Littleton Kirkpatrick

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Littleton Kirkpatrick
Member of the U.S. House of Representatives
from New Jersey's 4th district
In office
March 4, 1843 – March 3, 1845
Preceded by John Bancker Aycrigg
William Halstead
John Patterson Bryan Maxwell
Joseph Fitz Randolph
Charles C. Stratton
Thomas J. Yorke (Elected statewide on a Whig Party general ticket)
Succeeded by Joseph E. Edsall (D)
Personal details
Born October 19, 1797
New Brunswick, New Jersey
Died August 15, 1859(1859-08-15) (aged 61)
Saratoga Springs, New York
Political party Democratic
Profession Politician

Littleton Kirkpatrick (October 19, 1797 in New Brunswick, New Jersey – August 15, 1859 in Saratoga Springs, New York) was an American Whig Party politician, who represented New Jersey's 4th congressional district in the United States House of Representatives from 1853 to 1855. He was the son of Andrew Kirkpatrick, and grandson of John Bubenheim Bayard.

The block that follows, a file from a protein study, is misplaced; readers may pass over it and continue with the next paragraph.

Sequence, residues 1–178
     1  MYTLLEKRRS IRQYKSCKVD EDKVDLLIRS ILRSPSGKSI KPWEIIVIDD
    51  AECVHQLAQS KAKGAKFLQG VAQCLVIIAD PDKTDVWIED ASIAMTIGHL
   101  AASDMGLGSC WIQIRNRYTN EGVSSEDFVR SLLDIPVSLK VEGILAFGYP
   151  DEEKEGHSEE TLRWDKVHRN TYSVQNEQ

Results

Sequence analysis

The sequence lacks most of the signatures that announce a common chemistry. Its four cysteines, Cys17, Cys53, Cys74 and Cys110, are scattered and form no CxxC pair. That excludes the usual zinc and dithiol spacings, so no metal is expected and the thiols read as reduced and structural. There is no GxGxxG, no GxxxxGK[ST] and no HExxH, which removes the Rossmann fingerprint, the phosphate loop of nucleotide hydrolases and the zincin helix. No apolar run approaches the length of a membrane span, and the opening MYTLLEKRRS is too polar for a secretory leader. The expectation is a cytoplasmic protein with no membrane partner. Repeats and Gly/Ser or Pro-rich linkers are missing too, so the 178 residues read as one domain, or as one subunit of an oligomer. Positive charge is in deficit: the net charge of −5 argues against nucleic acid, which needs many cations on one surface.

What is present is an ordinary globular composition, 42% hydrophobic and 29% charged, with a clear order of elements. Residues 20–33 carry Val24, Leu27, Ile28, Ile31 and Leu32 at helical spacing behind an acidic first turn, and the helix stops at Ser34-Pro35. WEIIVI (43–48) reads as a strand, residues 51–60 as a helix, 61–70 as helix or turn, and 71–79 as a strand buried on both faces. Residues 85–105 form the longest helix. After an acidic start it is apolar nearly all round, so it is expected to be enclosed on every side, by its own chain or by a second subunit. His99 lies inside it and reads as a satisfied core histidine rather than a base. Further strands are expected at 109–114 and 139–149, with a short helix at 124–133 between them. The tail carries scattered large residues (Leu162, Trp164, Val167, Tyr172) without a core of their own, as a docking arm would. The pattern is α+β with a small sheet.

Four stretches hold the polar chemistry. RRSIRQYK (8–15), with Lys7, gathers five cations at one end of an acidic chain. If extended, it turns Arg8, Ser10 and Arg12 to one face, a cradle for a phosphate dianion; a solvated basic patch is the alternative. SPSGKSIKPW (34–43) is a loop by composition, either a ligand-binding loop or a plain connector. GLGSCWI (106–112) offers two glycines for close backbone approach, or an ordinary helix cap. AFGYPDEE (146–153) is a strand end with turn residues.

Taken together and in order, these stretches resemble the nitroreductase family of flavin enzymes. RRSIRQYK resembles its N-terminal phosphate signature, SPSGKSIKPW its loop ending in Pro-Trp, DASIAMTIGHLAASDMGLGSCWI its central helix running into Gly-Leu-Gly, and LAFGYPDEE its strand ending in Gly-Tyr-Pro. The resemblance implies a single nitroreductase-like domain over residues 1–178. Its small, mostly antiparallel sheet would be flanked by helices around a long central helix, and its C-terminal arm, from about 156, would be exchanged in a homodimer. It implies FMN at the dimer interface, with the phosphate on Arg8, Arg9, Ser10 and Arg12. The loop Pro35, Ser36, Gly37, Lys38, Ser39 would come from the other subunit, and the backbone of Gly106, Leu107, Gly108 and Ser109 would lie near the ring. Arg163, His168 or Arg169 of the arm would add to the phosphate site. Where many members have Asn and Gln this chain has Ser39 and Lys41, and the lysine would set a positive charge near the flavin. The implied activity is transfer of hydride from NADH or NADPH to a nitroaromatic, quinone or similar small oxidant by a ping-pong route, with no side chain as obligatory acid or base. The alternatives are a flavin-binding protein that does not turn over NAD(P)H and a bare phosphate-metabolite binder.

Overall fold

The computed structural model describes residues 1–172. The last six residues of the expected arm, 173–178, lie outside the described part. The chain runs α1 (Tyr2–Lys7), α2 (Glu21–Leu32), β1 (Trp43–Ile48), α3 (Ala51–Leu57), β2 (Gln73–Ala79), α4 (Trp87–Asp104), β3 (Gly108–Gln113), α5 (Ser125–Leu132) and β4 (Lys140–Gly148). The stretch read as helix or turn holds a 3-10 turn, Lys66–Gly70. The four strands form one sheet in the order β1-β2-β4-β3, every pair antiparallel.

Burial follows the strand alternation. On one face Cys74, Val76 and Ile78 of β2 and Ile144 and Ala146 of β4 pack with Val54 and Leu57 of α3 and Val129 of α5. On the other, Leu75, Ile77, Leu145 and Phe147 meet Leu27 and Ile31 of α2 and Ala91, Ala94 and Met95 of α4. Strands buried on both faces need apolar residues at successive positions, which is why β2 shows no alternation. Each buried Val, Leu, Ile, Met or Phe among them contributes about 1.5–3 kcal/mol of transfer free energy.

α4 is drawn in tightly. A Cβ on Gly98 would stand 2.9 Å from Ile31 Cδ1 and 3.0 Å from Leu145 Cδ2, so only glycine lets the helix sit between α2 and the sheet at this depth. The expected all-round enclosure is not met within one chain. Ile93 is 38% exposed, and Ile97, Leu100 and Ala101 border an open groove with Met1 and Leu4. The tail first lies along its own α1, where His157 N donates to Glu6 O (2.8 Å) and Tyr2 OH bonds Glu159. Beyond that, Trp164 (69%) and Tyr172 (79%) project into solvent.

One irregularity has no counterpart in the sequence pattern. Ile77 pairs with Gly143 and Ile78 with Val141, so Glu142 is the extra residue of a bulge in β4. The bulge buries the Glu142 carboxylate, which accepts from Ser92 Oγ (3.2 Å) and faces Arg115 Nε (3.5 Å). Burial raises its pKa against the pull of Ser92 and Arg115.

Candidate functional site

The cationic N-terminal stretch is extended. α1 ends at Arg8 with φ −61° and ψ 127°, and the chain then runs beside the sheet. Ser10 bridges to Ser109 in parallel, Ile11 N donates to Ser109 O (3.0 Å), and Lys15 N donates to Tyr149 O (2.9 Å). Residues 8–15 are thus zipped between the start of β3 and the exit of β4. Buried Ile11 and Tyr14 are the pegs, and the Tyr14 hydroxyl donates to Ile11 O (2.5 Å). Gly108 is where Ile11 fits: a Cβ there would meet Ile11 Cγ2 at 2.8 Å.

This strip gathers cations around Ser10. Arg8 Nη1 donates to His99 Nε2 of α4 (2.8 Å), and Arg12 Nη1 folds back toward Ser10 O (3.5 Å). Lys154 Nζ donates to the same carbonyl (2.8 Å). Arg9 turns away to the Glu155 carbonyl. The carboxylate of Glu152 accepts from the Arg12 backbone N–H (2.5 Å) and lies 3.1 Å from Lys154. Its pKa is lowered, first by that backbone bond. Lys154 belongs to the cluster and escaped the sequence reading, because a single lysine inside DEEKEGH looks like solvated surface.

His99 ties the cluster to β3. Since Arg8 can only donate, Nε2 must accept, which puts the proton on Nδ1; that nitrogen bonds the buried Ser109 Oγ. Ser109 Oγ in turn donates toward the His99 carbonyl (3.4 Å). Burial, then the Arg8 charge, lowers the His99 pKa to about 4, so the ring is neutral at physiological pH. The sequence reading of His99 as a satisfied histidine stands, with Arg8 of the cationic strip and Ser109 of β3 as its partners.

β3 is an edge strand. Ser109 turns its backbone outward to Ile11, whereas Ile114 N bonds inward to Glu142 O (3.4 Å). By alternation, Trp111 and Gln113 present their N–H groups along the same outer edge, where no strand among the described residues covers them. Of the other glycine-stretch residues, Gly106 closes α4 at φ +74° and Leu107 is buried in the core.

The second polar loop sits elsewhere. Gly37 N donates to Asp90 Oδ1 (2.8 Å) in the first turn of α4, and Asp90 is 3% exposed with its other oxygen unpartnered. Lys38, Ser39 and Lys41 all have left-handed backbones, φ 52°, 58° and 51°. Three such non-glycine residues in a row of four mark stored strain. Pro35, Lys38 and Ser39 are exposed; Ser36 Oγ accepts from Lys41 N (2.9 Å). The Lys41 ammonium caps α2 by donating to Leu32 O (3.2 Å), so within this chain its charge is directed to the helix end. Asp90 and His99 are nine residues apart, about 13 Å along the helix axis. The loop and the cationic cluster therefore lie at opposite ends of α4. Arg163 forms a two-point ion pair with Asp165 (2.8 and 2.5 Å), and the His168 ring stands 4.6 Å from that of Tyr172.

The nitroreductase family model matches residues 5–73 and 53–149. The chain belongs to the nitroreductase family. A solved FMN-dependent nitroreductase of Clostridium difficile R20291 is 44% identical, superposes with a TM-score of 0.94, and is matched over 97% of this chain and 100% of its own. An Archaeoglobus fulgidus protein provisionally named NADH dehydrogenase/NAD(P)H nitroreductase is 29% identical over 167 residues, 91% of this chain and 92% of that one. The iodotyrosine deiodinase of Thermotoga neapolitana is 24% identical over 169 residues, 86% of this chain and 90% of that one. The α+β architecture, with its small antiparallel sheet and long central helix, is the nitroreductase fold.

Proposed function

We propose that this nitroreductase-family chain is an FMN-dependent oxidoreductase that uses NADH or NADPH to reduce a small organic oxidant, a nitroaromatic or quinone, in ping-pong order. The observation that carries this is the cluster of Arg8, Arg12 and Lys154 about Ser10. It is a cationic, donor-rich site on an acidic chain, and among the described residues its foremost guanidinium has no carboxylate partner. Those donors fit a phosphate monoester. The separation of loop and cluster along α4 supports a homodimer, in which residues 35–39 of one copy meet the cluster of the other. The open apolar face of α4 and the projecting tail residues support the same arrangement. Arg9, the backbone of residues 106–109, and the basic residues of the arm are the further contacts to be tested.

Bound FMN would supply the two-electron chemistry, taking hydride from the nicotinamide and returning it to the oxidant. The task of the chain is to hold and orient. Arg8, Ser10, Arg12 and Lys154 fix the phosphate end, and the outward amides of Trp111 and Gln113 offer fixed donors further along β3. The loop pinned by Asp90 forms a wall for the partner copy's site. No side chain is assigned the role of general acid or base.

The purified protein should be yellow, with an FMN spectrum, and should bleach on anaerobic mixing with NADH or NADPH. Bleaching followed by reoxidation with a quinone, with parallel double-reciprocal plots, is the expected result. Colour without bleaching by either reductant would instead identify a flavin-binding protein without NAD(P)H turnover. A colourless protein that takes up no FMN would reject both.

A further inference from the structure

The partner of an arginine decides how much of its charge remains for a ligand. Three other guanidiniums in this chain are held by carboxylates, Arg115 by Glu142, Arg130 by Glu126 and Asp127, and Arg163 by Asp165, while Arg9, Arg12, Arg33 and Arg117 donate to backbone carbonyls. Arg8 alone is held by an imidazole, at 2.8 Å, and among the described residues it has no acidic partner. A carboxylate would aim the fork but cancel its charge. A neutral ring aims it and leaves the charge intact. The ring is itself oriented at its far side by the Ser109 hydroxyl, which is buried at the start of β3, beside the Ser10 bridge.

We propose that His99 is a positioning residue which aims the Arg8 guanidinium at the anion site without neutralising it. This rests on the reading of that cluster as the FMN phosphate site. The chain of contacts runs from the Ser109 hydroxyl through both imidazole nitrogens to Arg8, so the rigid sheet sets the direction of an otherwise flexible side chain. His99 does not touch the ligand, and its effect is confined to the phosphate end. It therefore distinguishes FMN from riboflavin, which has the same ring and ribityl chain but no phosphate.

Biography[edit]

Kirkpatrick was born in New Brunswick, New Jersey on October 19, 1797. He graduated from Princeton College in 1815. He studied law in Washington, D.C., was admitted to the bar in 1821 and commenced practice in New Brunswick. He was master in court chancery in 1824, and surrogate of Middlesex County from 1831 to 1836. He was Mayor of New Brunswick, New Jersey from 1841 to 1842, and served as a trustee of Rutgers College from 1841 to 1859.

Kirkpatrick was elected as a Democrat to the Twenty-eighth Congress, serving in office from March 4, 1843 to March 3, 1845, and was chairman of the Committee on Revisal and Unfinished Business.

He died in Saratoga Springs, New York on August 15, 1859. He was interred in Presbyterian Cemetery in New Brunswick, and reinterred in that city's Van Liew Cemetery in 1921.

Legacy[edit]

His wife, Sophia, remained in the city of New Brunswick after Littleton's death. When she died on March 6, 1871 at the age of 68, she named Rutgers College as her estate's residuary legatee.[1] Rutgers used the proceeds of this bequest to build Kirkpatrick Chapel in 1873. Today, this chapel is located on the historic Queen's Campus section of Rutgers's College Avenue Campus.

References[edit]

External links[edit]

United States House of Representatives
Preceded by
James Henderson Imlay
Member of the U.S. House of Representatives
from New Jersey's 4th congressional district

March 4, 1843 – March 3, 1845
Succeeded by
Joseph E. Edsall